Living in Hebrew, Writing in English

By Gila Green

The following piece is an updated version of a post that member Gila Green originally wrote for The View From Here.

Gila GreenI’m unattractive, unwanted and often uninvited. Geographically speaking that is. I write in English, but live in Israel, where the main language of culture is Hebrew. The hardship is double-barreled. I am far from English-speaking audiences, and the pool of English-language publishers is strictly for wading and is, if anything, shrinking. I have encountered countless sites for agents, publishers and literary magazines that read “no international queries” at the bottom of their guidelines.

Let’s face it. New York publishing houses aren’t funding book tours by locals anymore, unless you already have an established audience; who would dream of flying someone in from overseas today for a meeting or a book tour? And could most writers really jump on a plane with ease for an interview?

I believe this is an ex-patriot phenomenon, not limited to Israel. There are probably thousands of us ex-pats writing in English in cafes from Tokyo to Cairo, gazing at the locals every few lines, unable even to explain what it is we are writing about.

I’ve often had the experience of meeting a woman in an exercise class or at a business networking meeting whose eyes light up when I mention I’m a writer, only to darken soon after. “Do you ever write in Hebrew?” Order a falafel or argue with the phone company in Hebrew? Sure. Send an email? A short one. But write a story or an essay in a foreign language? No.

Has the situation for ex-pat writers improved in the last decade? Yes. There are new opportunities that would not have been possible even five years ago. The internet has eliminated some barriers in terms of online publishing and at least connecting with print publishers. But an ocean still divides Israel and the big New York publishing houses.

A brighter light is the increasing acceptance of self-publishing, now that self-publishing is no longer seen strictly as “desperate” publishing. Progress is slow and certainly easier if you have a non-fiction niche. For literary fiction, self-publishing may be more like placing a mountain in front of the ocean you want to cross. Electronic readers are easing that barrier, if only marginally, and may one day even offer an advantage over locals writing in Hebrew, as a far easier way to penetrate the much larger English-language audience. At least we won’t have those huge translation costs to fork out.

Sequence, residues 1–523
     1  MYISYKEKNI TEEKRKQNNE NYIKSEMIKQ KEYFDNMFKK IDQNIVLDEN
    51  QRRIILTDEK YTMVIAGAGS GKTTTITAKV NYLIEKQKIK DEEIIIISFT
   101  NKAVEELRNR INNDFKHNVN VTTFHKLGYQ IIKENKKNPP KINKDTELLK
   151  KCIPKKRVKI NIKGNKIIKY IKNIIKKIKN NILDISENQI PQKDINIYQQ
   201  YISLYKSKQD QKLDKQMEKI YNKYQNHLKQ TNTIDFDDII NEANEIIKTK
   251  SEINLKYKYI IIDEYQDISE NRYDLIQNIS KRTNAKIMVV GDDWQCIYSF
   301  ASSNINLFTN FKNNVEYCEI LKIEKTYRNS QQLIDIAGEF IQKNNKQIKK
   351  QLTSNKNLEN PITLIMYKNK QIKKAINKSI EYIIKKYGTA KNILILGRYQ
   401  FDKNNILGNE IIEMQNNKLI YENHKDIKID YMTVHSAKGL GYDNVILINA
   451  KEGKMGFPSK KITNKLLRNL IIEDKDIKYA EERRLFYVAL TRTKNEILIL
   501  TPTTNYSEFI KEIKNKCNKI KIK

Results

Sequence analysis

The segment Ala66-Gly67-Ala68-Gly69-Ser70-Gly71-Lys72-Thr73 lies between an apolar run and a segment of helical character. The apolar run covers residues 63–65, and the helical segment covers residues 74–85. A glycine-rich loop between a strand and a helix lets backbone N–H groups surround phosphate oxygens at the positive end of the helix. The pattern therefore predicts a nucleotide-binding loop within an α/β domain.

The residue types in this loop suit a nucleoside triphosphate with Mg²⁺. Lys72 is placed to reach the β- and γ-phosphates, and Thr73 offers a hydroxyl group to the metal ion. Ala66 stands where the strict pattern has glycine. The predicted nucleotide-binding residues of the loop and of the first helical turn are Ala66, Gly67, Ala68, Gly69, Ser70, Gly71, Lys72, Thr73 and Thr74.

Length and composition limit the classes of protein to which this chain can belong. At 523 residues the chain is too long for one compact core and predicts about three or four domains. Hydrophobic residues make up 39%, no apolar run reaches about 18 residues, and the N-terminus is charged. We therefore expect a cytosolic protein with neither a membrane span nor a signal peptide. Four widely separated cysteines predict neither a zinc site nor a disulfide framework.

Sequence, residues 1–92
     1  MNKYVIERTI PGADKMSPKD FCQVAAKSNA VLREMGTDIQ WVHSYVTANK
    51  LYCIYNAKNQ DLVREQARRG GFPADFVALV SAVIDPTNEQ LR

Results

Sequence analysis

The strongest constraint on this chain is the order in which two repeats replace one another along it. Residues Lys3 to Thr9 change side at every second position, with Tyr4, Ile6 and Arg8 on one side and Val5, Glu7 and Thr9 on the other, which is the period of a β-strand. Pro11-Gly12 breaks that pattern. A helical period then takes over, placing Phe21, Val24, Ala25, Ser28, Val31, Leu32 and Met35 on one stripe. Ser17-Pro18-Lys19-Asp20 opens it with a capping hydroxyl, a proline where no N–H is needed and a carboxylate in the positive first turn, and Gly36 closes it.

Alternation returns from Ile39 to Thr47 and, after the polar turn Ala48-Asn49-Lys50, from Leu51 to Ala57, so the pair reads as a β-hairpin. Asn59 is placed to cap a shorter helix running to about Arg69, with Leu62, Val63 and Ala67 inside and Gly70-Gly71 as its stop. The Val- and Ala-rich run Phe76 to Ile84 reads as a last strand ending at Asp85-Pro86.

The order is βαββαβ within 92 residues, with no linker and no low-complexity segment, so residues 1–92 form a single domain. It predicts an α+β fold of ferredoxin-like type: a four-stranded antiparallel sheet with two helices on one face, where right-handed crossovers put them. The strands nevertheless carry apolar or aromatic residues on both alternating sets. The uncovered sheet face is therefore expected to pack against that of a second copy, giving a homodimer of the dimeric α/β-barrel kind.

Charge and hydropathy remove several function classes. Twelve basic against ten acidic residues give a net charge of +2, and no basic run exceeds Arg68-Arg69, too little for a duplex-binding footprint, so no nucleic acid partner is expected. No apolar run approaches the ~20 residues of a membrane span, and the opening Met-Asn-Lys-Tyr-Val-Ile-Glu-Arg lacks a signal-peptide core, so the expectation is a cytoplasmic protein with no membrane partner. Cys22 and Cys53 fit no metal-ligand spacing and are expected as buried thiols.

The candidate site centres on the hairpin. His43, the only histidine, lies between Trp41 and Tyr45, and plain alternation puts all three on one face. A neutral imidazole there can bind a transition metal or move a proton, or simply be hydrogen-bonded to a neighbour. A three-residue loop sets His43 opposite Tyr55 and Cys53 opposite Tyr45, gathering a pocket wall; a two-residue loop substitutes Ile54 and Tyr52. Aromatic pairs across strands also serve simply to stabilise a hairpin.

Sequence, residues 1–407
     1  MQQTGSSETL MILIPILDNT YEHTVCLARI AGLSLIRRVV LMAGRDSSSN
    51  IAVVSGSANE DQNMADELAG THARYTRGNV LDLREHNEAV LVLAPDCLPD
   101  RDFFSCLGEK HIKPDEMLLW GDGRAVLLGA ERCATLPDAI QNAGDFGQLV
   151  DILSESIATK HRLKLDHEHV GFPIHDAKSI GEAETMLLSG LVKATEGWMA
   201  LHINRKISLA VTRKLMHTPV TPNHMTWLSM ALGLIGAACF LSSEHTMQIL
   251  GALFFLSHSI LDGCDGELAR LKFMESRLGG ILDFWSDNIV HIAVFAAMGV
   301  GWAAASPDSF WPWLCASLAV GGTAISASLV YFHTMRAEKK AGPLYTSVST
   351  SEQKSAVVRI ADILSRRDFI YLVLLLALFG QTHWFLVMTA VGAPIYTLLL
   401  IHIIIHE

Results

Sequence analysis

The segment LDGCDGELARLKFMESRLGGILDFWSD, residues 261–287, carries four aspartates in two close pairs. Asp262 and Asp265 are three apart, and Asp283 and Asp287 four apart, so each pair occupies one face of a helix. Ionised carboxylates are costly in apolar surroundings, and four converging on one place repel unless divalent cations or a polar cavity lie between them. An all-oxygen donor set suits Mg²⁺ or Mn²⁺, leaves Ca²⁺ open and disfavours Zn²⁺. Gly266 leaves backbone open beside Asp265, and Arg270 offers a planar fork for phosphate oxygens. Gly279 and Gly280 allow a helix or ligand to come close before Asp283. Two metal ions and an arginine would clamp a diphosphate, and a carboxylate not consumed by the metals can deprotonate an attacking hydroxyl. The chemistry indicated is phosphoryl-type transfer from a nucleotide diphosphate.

King of the ClassAfter refusing to be deterred by all of those naysayers at parties and Sabbath tables who “knowingly” told me that I would have to move overseas to “get anywhere,” I am delighted to tell you that I found a Canadian publisher who is willing to give an ex-pat a chance. I clearly remember his acceptance e-mail: “I’m probably crazy for accepting an overseas writer, but what the heck!”

Since fighting geography is remarkably like banging your head against the side of a mountain, perhaps the only solution is to invest in a stronger helmet; if you’re truly determined to publish, good writing will eventually bob its way across the ocean.

Gila Green moved from Canada to Israel in 1994. Her debut novel KING OF THE CLASS will be released with an independent Vancouver press in April: http://www.nonpublishing.com. Her short fiction has been published in many anthologies and literary magazines and short-listed for seven international awards, including the Doris Bakwin Literary Award for her first collection, WHITE ZION. Visit Gila online at www.gilagreenonline.com.

3 Comments

  1. very cool to hear of your success, in any language, and your persistence. Most Israelis and many ex pat Israelis can read in English. Mazal Tov, Sheila

  2. Thanks for the mazal tov, Sheila.

  3. Pingback: Feature Friday: Self-Publishing, Traditional Publishing, and Hybrids « Women's National Book Association – NYC

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